NXDOMAIN redirection in BIND 9.9
warren at kumari.net
Sun Oct 2 19:11:46 UTC 2011
On Sep 30, 2011, at 7:43 PM, David Miller wrote:
> On 9/30/2011 6:21 PM, Shawn Bakhtiar wrote:
>> "We came to the conclusion that no matter how much we wanted it to not be true, people find a way to do NXDOMAIN if they want to. The issue is not ours to push, it's between the ISP and the customer ultimately, and people will do it -- and more intrusively -- than BIND 9.9 will."
>> That is just giving in. To what WILL end up being akin (is akin) to taking away access. The argument that everyone is doing it so let's just facilitate it is a bad one. This is a cave in to bad behavior which borders on freedom of speech violation, since your sanctioning the ability to arbitrarily redirecting (without redirecting) content. Important part being the sanctioning of.
> You get to run your network how ever you like. This is your right. Turn the feature on if you like -or- make sure it is off if you don't like it.
> You don't get to tell others how to run their networks. Well... you can tell them, but they don't have to listen to you...
> Many organizations want to do NXDOMAIN redirections on their resolvers on their own internal networks or on guest wireless networks or on whatever networks they control for whatever reasons they like.
> Other resolvers have had the ability to do NXDOMAIN redirections for many years. The pressures keeping ISPs from implementing NXDOMAIN redirections has never been the fact that BIND didn't support it.
> You are going to have a hard time making the case that NXDOMAIN redirections are a "freedom of speech violation", but the place for that argument is in the court room.
> Instead of seeing this as a "sky is falling" event, why not see it as an opportunity to create your own resolving DNS service that does not do NXDOMAIN redirections? Then every ISP that implemented NXDOMAIN redirections (using BIND or any of the myriad of other software that will do it) would be another potential group of customers for you.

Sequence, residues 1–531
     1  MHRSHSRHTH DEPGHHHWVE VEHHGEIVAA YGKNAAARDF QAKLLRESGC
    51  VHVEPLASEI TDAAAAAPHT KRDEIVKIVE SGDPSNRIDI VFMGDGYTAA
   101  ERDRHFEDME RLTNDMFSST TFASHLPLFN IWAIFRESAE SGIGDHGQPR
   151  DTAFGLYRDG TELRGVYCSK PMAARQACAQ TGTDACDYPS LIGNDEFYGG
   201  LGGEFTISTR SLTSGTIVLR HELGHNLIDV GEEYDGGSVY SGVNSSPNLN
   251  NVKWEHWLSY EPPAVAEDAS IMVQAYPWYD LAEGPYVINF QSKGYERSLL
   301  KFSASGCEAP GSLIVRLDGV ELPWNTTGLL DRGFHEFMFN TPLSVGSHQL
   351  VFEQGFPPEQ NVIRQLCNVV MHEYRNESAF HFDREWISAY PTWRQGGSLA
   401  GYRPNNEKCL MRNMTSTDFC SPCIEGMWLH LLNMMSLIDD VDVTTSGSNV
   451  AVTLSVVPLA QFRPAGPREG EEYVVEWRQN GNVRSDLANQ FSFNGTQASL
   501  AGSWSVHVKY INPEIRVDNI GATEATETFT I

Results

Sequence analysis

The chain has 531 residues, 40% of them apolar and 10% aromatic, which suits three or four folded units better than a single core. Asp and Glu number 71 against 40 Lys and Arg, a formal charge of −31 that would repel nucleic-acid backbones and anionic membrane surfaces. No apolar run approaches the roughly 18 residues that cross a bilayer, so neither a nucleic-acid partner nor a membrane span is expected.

See 184.108.40.206, 220.127.116.11.....
From the FAQ:
"How does Google Public DNS handle non-existent domains?
If you issue a query for a domain name that does not exist, Google Public DNS always returns an NXDOMAIN record, as per the DNS protocol standards. The browser should show this response as a DNS error. If, instead, you receive any response other than an error message (for example, you are redirected to another page), this could be the result of the following:
• A client-side application such as a browser plug-in is displaying an alternate page for a non-existent domain.
• Some ISPs may intercept and replace all NXDOMAIN responses with responses that lead to their own servers. If you are concerned that your ISP is intercepting Google Public DNS requests or responses, you should contact your ISP."
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